The tower that forms part of the HoHo Vienna project has one major strength: lots of building parts are prefabricated in the factory where weather conditions can be left out of account. As a result, numerous procedures are no longer necessary on the construction site itself. The HoHo Wien system, which is kept deliberately "simple", stacks up four prefabricated, serial building elements: supports, joist, ceiling panels and facade elements.

In a recent interview - available in full here - Caroline Palfy, Managing Director of the real estate developer Cetus Baudevelopment, illustrates the peculiarities of such a large-volume timber project.

"The preparations and construction with wood are a tricky business, since ready solutions are not forthcoming in all areas," explains Ms Palfy. "It's all about developing new things and using them – and that's what makes this project so exciting."

"I keep getting asked whether our timber resources are jeopardised by the current timber boom in the construction industry. In Austria, forests produce 30 million cubic metres of timber a year, of which 26 million cubic metres are logged. The remaining 4 million cubic metres remain in the forest, continually increasing timber stocks. In other words, 1 cubic metre of wood grows back every second and thus the timber used for the entire HoHo Vienna project will have grown back in our country's forests in only one hour and 17 minutes."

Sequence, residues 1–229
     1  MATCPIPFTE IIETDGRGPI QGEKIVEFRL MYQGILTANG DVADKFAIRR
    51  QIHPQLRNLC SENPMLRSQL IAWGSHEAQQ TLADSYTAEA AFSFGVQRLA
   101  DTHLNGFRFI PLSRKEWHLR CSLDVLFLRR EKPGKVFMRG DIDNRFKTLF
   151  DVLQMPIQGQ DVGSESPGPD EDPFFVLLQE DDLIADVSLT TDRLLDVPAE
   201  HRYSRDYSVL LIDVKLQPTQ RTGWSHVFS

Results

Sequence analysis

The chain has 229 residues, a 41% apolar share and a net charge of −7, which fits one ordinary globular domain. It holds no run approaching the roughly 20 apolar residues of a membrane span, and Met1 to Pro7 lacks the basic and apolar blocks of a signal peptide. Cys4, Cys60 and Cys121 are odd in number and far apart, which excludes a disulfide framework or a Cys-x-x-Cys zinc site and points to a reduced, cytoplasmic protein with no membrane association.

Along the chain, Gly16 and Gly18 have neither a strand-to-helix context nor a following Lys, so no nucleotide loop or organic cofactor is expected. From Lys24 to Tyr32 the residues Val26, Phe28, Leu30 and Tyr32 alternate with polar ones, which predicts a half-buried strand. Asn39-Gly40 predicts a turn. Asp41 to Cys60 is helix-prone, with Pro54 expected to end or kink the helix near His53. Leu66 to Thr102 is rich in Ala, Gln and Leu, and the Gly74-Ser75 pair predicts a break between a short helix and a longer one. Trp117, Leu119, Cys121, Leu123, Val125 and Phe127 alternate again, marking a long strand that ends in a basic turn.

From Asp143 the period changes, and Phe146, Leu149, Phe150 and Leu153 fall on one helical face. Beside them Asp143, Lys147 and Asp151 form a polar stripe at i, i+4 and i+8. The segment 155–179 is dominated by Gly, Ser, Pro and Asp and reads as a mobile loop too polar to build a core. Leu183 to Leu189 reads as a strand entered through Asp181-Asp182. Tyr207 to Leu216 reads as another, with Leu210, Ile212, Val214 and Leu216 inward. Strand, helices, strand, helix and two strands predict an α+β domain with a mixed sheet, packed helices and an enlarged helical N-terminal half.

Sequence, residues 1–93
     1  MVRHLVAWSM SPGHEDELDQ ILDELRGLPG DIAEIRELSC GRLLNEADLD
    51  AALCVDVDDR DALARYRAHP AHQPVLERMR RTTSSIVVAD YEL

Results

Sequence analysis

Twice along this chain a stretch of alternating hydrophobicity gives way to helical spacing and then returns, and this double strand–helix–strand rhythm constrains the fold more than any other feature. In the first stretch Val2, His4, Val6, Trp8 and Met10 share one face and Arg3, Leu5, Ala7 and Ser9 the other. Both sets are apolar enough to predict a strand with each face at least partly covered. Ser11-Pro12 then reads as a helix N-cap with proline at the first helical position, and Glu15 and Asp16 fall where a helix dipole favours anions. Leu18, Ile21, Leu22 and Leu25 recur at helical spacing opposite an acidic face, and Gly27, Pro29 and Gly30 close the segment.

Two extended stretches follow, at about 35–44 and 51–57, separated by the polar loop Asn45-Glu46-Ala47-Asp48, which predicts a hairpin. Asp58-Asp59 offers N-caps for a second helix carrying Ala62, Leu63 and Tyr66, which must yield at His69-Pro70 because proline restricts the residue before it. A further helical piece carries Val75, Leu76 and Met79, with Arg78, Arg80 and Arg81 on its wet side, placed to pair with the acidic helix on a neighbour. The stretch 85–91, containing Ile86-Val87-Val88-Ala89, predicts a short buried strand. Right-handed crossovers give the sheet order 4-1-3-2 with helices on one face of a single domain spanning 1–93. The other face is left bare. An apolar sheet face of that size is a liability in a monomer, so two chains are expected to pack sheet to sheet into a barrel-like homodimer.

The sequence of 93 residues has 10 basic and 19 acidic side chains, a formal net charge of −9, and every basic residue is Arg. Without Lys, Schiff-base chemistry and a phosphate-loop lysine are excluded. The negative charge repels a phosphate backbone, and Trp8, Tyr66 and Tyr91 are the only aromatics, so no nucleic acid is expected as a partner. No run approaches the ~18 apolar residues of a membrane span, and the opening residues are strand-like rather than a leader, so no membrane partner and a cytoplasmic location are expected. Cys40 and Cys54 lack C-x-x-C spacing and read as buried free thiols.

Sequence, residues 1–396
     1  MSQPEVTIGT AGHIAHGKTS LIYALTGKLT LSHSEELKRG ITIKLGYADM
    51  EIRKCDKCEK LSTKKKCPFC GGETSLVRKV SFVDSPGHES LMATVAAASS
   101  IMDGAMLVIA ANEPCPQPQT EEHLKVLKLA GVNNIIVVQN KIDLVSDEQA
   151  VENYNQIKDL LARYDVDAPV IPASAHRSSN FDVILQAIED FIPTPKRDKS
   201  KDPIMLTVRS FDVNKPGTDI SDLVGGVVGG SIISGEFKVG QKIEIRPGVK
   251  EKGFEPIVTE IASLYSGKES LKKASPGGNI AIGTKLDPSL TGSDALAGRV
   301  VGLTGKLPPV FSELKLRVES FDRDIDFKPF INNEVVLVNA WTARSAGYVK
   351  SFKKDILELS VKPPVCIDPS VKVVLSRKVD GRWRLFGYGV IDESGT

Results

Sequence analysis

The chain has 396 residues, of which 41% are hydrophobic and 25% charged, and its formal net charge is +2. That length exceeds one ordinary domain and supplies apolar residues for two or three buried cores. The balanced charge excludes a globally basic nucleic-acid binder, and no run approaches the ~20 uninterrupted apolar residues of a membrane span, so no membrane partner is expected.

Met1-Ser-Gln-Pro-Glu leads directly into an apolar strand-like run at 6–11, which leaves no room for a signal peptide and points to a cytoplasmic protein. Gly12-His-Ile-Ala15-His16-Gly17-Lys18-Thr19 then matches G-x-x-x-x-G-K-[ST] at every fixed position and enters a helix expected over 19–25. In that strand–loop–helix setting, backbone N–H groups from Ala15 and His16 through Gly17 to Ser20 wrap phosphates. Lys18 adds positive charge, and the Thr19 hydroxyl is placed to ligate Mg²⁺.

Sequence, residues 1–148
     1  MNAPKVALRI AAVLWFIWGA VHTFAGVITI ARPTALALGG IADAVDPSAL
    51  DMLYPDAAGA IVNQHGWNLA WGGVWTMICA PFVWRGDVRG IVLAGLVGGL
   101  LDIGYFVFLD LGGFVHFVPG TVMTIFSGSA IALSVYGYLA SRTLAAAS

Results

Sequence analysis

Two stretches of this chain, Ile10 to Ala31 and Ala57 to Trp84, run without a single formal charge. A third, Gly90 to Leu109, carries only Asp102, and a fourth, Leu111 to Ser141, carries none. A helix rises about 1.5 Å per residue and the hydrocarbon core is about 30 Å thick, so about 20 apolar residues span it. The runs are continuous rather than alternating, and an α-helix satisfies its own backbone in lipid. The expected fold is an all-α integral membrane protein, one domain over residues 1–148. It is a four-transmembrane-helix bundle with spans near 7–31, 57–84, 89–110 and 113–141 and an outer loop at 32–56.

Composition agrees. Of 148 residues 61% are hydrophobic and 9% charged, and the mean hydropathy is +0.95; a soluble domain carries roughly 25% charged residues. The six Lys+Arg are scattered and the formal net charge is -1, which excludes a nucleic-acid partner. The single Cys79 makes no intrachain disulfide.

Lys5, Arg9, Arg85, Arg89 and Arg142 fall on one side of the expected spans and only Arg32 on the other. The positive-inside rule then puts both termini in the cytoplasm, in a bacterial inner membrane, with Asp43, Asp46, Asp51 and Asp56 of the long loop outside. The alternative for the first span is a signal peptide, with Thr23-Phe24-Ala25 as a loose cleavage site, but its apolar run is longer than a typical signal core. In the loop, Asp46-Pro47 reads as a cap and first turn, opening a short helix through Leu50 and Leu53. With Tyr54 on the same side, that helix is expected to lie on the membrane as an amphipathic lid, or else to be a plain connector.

"True to the motto 'It's time to clock off and no one wants to go home', HoHo Vienna caters to all the wishes of a new generation of blue-collar workers, white-collar employees and self-employed. The office of the future breaks completely new ground. New features are brought into league with wood, a traditional material, creating a relaxed and homey atmosphere. That is precisely our vision."

 

[News URL: http://cti-timber.org/content/worlds-tallest-timber-building-hoho-tower-taking-shape-vienna]

Finland's tallest wooden building works set to start in spring

Construction of the The Lighthouse, the tallest wooden building in Finland, is scheduled to start in April-May 2017.

The 14-storey building - projected by Arcadia Architects Ltd - will be located close to the center of Joensuu in Carelia. It will provide 117 apartments. 

[Photo courtesy of www.arcadia.fi]

 

[News URL: http://cti-timber.org/content/finlands-tallest-wooden-building-work-set-start-spring]